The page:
Cybersecurity takes new meaning after COVID-19

Cybercriminals around the world are capitalizing on the COVID-19 crisis. Cyber attacks have sought to exploit the vulnerability of employees working from home. Scammers are abusing people’s strong interest in coronavirus-related news. Here is a look at using cybersecurity and common sense to safeguard ourselves.

Cyber threats since COVID-19

According to Deloitte, there has been a spike in phishing attacks, malspams, and ransomware attacks. Fraudsters are using COVID-19-related topics as bait. Many are impersonating well-known brands to mislead employees and customers. In April 2020 Deloitte cyber threat intelligence discovered 2 phishing campaigns and 1 malware that employed COVID-19-themed lures. These phishing campaigns impersonated well-known organizations including FedEx, DHL, and UPS. Victims were tricked into downloading ransomware disguised as legitimate files. There has also been an increase in the number of phishing and malware attacks on healthcare facilities and the unemployed. At the end of 2020, a large Luxembourg PSF (professional of the financial sector) was hit by hackers, causing significant disruption.

Magnitude of the menace

CNBC reported in 2020 that a Twitter breach targeted 130 accounts including the accounts of former presidents and Fortune 100 CEOs. This breach resulted in attackers swindling EUR 100,000 in Bitcoin through nearly 300 transactions. According to the Supply Chain Resilience 2020 Report from 3D Hubs, cybersecurity issues affected less than 10% of firms over the past 10 years. However since COVID-19 this has shot up to 60%. A study by CrowdStrike, a Silicon Valley cybersecurity vendor, found something similar. It reported that there were more intrusion attempts on corporate networks in the first 6 months of 2020 than in all of 2019. Many organizations are now concerned about security issues related to their employees’ personal devices which access corporate networks and data. Cloud-based systems and data also need better protection.

E-trade For All said that more countries have formulated national cybersecurity strategies, national plans, response teams, and specific legislation to counter the online threats. The UK tops the list of countries most committed to cybersecurity, followed by the US, France, Lithuania, and Estonia.

The risks

2021 statistics reveal a sizable increase in hacked and breached data from sources that are increasingly common in the workplace. These include mobile phones and IoT devices. Cybersecurity company Varonis listed some industry trends to watch for in 2021 and beyond.

  • Remote workers will continue to be a target for cybercriminals.
  • Cloud breaches will increase as remote workforces expand.
  • The cybersecurity skills gap will remain an issue for the foreseeable future.
  • Better bandwidth on 5G networks will make IoT devices more vulnerable to cyber attacks.

A Gartner publication reported that the worldwide information security market in 2018 was EUR 95 billion. By 2022 it will expand to EUR 142 billion. Most large organizations are bolstering their defences against cyber threats. In September 2017, Equifax announced that it had experienced a breach compromising the data of 143 million US consumers. The Equifax breach cost the company over EUR 3 billion. IBM stated that as of 2020 the average cost of a data breach is EUR 3.22 million. Accenture calculated that the average cost of a malware attack is EUR 2.2 million. In January 2021 Cyber Security magazine said that cybercriminals use newly implemented technologies to try and penetrate corporate systems. Damage from cybercrime is projected to hit EUR 9 trillion annually by 2025.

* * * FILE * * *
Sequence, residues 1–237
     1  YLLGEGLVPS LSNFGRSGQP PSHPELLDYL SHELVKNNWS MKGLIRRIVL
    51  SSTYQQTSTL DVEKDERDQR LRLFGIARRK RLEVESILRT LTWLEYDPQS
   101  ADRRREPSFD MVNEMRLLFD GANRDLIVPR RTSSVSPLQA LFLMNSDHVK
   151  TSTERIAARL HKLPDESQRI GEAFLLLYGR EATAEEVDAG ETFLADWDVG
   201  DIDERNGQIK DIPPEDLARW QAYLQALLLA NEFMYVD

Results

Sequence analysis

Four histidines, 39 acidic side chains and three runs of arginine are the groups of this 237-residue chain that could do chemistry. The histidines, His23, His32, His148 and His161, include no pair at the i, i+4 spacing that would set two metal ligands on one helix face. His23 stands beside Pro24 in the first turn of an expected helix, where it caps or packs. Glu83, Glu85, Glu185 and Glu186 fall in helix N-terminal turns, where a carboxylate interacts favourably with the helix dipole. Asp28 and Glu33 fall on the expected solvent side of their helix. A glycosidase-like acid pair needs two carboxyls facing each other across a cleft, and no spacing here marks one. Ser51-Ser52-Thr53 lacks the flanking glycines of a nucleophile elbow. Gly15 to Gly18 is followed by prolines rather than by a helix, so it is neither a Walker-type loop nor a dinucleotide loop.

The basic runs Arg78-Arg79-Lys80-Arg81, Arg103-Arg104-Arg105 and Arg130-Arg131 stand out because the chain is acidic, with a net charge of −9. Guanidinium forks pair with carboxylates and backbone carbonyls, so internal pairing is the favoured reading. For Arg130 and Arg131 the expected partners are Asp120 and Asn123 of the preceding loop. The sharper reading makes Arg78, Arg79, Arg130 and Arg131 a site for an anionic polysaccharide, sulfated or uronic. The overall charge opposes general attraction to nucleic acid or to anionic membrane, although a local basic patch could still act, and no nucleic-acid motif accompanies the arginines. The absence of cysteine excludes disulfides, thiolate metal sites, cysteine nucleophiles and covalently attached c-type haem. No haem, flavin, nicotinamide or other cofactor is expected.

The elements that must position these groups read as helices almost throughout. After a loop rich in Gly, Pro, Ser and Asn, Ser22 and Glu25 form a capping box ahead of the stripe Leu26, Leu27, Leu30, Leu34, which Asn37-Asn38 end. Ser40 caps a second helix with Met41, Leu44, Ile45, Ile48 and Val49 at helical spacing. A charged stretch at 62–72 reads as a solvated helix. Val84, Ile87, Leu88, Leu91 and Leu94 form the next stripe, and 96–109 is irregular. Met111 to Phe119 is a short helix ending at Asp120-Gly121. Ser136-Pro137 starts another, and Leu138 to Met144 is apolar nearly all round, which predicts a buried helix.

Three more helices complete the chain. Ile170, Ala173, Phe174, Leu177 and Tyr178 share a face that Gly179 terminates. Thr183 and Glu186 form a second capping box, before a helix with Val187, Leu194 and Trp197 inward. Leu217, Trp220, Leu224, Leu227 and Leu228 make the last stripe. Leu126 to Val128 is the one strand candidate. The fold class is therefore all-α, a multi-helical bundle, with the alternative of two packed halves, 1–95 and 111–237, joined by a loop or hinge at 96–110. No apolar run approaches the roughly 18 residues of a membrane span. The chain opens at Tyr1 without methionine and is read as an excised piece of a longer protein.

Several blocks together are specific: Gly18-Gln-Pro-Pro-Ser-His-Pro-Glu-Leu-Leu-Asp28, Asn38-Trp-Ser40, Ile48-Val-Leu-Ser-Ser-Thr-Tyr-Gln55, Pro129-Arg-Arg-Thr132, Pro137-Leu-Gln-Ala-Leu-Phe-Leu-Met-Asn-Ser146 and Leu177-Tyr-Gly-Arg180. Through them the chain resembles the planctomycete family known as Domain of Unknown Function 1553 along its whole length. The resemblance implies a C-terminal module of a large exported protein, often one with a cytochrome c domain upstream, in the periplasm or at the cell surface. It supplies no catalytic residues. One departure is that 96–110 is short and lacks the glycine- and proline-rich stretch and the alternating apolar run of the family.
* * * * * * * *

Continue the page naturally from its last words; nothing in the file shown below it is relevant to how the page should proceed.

Being safe

It is crucial for organizations to work closely with security experts. They can help identify the threats and prevent breaches. According to a, big organisations are increasing their cybersecurity spending. This is the top IT priority this year. 55% of all major corporations will invest more on automation solutions as well.

Steve Durbin, managing director of the Information Security Forum stated that it would be extremely short-sighted for business leaders to reduce cybersecurity staff or budgets. Now is the time when a majority of the workforce is critically dependent on secure networks.

Digital security professionals

A survey of more than 300 cybersecurity professionals from ISSA (Information Systems Security Association) found that 70% of organizations report being impacted by a worker shortage. 45% said that the cybersecurity skills shortage and its associated impacts have only gotten worse in recent years. In Luxembourg the average pay for a Cyber Security Engineer is EUR 121,000 per year. LUX is home to vast communities of migrant professionals. They regularly send remittances to support their families back home via the Ria Money Transfer App and other channels. Market demand and average salaries for cybersecurity professionals are projected to grow. Cybercrime Magazine stated that there was a 350% growth in open cybersecurity positions from 2013 to 2021. By 2021 most large organizations worldwide will have a CISO (chief information security officer) position.

About the author:- Hemant G is a contributing writer at Sparkwebs LLC, a Digital and Content Marketing Agency. When he’s not writing, he loves to travel, scuba dive, and watch documentaries.